I'm brilliant at managing my money - but I'll be honest. My child Tax Credits are spent on luxuries for my children - LIKE FOOD!!!! Like essential petrol to get him school -too far to walk both kids along roads with no pavement but car is ONLY used for school runs. Like “essential” clothing to keep them wind and water tight. There is no LUXURIES contingency in the tax Credit system just for basics. We have no spare income for activities at the moment - and if either of them need new shoes before the end of term I am scuppered because there is no excess in the budget.
In this debate, the participant was defending the child tax credit benefit from those who thought it was being abused. As a means of supporting her argument, she uses her personal experience of being on such benefits. In some of these cases, SP1s used their personal experiences as an authoritative position to speak from, which is in line with similar studies on third spaces (Graham, 2012; Graham & Harju, 2011; Van Zoonen, 2007).
The other two behaviours linked to political talk were interpreting/clarifying and providing factual information, both of which were pedagogical in nature. Interpreting/clarifying accounted for 7% of the postings. In these cases, SP1s would help fellow participants by explaining, interpreting or clarifying the issues and topics under discussion. The most common practice was clarifying (mis)information:
Poster: They may still be entitled to something if they needed to help their OH, e.g. get in/out of the bath, dress themselves, with eating, etc. You don't have to be there 24/7.
SP1: You are mistaken. To claim carers allowance (CA)the person you care for needs to get DLA middle rate care which means more than hours worth of care a day. The OP's husband does not even claim DLA at the moment.
As this example shows, SP1s acted as a form of quality control, correcting and clarifying information posted by forum participants. They also helped others by explaining the arguments and positions being put forth. As the posting below illustrates, this sometimes included providing a summary of what the debate was about for newcomers or those who were having difficulties following the discussion:
I've been reading through most of this thread, and I get the impression that it's moving a bit too fast for you and sometimes you can't keep up with the advice people are trying to give you, so I'll try and break it down. […]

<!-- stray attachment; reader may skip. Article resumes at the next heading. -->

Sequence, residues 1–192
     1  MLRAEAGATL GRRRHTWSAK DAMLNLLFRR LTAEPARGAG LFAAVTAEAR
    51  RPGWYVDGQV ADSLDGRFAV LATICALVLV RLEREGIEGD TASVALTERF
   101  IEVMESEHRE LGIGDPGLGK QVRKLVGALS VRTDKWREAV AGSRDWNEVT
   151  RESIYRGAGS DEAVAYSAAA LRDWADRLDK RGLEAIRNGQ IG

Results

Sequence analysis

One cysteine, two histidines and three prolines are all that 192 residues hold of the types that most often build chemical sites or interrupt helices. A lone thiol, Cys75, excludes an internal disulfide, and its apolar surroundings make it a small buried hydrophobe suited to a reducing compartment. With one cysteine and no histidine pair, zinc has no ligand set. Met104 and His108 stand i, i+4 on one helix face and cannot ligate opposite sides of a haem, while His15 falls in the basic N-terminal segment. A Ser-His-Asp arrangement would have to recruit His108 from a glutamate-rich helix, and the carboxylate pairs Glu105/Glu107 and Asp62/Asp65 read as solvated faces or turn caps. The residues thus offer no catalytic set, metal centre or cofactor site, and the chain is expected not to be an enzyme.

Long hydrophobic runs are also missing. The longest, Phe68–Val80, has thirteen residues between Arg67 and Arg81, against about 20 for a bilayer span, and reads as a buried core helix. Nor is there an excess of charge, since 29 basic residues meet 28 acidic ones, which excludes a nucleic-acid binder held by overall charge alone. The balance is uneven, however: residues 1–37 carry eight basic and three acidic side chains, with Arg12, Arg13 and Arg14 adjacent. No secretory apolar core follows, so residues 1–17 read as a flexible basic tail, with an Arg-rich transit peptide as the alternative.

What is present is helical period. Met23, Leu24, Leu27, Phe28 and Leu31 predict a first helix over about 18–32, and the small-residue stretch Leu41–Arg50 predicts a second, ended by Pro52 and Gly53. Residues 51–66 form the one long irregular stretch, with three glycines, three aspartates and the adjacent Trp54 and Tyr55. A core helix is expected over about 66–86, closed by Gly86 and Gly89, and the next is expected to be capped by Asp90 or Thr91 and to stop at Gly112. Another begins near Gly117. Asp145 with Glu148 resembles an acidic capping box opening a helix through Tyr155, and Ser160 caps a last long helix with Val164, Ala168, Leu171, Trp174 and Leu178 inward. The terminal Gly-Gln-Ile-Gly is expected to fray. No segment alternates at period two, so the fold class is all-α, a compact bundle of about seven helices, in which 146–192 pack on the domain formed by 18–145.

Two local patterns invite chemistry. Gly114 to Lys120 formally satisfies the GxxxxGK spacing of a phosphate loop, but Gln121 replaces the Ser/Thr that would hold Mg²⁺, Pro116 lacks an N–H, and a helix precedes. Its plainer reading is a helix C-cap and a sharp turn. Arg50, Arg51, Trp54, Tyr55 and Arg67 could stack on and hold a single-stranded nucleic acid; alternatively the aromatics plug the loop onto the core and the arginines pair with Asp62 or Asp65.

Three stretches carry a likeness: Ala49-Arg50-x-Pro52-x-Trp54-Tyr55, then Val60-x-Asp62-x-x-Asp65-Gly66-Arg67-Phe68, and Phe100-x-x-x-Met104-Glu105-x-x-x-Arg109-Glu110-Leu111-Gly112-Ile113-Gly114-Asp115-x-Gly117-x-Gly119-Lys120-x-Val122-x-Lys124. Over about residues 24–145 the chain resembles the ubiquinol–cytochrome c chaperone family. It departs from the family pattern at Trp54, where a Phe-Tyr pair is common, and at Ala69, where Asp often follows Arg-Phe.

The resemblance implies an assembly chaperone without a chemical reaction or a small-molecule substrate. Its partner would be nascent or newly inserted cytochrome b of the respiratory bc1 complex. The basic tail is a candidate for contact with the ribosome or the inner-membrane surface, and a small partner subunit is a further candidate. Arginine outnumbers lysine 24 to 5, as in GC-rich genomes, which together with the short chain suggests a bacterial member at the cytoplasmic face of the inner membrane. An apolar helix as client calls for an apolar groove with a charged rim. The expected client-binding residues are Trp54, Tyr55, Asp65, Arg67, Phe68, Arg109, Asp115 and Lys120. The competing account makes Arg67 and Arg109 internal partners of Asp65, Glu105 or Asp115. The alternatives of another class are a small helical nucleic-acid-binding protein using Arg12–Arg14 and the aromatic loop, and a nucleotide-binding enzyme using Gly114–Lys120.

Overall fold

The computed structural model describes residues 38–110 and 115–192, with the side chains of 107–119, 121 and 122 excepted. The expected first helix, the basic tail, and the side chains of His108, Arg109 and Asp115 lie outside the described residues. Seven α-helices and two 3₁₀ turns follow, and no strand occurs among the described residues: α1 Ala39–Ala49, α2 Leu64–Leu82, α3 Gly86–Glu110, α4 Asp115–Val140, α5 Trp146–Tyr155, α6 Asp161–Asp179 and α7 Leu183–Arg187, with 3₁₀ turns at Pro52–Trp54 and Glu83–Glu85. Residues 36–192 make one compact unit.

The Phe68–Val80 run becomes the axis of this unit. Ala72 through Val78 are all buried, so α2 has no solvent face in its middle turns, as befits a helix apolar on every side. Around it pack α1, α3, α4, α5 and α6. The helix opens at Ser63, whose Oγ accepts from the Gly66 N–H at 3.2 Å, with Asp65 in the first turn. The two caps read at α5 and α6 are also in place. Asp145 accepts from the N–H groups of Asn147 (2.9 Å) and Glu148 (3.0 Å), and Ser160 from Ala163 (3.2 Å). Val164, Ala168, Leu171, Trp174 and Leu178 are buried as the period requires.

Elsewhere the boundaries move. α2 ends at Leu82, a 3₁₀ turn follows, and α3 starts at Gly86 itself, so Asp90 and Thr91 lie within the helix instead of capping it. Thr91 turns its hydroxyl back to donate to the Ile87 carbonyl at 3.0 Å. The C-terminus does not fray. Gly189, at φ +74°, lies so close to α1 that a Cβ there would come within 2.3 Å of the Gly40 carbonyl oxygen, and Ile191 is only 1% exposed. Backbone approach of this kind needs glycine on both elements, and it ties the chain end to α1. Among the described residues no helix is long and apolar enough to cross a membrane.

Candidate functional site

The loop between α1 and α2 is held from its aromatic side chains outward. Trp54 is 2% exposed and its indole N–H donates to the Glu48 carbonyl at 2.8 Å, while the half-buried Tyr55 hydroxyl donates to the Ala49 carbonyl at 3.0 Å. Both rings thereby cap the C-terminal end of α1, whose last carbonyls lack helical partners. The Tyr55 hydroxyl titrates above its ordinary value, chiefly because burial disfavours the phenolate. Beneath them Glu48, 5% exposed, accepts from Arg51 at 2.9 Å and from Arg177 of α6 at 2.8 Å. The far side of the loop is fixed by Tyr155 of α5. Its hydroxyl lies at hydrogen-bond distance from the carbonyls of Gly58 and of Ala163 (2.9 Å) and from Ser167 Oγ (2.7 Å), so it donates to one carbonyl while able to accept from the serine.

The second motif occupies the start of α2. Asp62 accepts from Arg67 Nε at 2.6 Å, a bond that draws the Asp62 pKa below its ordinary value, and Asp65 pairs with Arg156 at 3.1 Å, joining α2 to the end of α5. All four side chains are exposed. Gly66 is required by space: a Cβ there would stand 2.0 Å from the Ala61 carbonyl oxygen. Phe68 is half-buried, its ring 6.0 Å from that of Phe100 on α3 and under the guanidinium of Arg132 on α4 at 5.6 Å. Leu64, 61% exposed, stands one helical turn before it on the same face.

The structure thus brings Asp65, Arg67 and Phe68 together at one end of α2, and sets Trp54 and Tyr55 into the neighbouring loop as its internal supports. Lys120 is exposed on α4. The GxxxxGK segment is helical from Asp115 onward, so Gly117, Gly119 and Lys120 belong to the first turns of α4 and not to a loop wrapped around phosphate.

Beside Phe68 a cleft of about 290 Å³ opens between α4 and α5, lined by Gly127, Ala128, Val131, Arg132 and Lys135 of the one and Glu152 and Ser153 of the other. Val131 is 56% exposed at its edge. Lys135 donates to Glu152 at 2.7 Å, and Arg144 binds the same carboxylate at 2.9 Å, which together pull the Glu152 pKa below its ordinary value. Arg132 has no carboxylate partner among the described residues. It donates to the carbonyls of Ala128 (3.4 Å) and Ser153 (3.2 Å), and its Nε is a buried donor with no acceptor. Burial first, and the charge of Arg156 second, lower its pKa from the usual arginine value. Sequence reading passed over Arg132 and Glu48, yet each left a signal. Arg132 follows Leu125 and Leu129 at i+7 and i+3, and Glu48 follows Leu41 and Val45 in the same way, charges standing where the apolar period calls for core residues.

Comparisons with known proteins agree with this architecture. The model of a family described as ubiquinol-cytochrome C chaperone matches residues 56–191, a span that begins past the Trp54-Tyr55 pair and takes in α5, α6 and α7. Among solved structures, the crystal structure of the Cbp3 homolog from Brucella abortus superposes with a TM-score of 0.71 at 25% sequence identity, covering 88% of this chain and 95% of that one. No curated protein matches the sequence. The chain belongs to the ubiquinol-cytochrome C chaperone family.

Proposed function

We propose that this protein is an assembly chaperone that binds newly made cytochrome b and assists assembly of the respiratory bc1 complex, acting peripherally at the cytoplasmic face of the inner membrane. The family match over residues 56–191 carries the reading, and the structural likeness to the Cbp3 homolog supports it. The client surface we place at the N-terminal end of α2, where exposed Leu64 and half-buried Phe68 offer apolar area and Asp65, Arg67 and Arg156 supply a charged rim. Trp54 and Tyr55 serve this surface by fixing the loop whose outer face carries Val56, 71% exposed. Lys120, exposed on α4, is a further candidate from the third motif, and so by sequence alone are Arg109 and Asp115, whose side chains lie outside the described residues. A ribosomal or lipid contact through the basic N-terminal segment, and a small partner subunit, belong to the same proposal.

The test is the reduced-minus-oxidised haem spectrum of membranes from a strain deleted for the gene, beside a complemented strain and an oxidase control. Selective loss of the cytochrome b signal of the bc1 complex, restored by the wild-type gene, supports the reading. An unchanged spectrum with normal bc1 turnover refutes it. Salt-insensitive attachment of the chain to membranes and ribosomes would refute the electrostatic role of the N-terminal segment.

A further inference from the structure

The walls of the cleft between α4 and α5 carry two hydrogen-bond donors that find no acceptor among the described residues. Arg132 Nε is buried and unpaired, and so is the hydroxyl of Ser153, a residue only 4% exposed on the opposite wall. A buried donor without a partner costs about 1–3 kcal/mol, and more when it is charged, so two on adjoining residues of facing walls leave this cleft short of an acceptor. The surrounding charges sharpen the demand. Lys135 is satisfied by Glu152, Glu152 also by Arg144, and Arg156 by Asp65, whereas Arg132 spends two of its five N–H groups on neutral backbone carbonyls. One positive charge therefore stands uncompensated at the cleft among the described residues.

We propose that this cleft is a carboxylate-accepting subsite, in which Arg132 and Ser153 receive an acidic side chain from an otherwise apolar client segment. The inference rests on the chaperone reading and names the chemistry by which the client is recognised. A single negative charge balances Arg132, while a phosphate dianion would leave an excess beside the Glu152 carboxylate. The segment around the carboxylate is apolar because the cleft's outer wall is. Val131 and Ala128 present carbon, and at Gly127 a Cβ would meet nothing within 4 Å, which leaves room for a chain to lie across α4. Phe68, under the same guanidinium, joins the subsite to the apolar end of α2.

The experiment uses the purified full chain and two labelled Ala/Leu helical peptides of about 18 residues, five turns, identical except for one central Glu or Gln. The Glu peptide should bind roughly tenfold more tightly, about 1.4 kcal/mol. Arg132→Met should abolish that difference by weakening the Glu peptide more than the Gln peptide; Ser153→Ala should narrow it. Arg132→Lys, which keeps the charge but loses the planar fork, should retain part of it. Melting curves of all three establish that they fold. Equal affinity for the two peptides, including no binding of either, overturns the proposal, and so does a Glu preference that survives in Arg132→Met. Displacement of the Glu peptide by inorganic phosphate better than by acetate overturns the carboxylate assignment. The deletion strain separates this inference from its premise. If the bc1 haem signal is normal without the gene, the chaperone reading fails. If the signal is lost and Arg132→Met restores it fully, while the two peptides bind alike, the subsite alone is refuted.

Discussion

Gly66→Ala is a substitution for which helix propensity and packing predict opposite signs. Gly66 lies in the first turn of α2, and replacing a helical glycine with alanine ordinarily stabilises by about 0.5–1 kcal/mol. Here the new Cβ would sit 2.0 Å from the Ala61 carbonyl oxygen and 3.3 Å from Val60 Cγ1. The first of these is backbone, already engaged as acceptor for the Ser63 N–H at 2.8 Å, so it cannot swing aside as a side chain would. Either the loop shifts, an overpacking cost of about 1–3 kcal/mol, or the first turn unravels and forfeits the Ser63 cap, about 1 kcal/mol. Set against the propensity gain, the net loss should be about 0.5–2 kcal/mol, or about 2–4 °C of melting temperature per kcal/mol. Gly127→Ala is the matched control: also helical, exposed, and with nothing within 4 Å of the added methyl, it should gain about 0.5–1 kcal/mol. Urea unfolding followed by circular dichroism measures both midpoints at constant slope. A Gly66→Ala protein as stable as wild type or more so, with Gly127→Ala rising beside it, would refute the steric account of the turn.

They acted too as ‘experts’ by interpreting laws, rules and procedures on things such as consumer rights/laws, and traffic and parking violations, as the example below shows:
Poster: That's what this says - but what does “The road forks around the farm for engineering reasons owing to the surrounding area's geology,” actually mean?
SP1: It means what it says - the geology of the area meant building around the farm was a cost effective solution. The Wiki entry photo doesn't show it very well, but the westbound carriageway is higher than the eastbound. The M6 at Shap also splits to accommodate the contours.
Finally, SP1s even provided interpretations of situations in other forum participant's lives:
As a glasses wearer for nearly 30 years i think i have worked out what has happened regarding the OP situation […]
On many of these occasions, SP1s would use their own life experiences as a mirror for explaining and interpreting events in other participant's lives. Overall, these findings support those of Rauch (1983) and Nonnecke and Preece (2003—cited in Albrecht, 2006).
Not as common, but related to interpreting/clarifying, was the behaviour of providing (unsolicited) factual information. On occasions, SP1s dropped links to or articles/reports/information from news media, government or other institutions and organizations as a means of fuelling and enhancing the quality of debate.
The final cluster of behaviours identified by the analysis consisted of degrading and curbing, two negative behaviours commonly associated with online forums. Degrading (or flaming)—to lower in character, quality, esteem, or rank another participant's post or person—is behaviour typically associated with online political talk (see e.g. Jankowski & Van Os, 2004). Indeed, 86% of the postings coded as degrading occurred during the course of a political discussion. This is not surprising given the argumentative and aggressive nature of political talk. That said, such behavior impacts political talk in a negative way. For example, Jankowski and Van Os's interviews found that this type of communicative practice turned people away from debates, negatively affecting access to the discussions. Curbing—an attempt to suppress, restrict or prevent another participant from raising an issue or voicing an opinion—was another negative behaviour identified by the analysis. Curbing here was typically directed at suppressing a particular position, topic and, on a few occasions, a type of behaviour (i.e. arguing/debating), as the examples below show:
Example 1: “So far, you're the only one preaching on this thread. Why would you even want to come on to a thread about vegetarian food if you feel so persecuted?”
Example 2: “I wonder when this thread is going to be allowed to die or is the playground rhetoric going to continue?”
Like degrading, this behaviour seemed to be limited to political talk with 82% of curbing taking place within political threads. Overall, however, such practices—degrading and curbing—were infrequent, accounting for only 3% of the postings.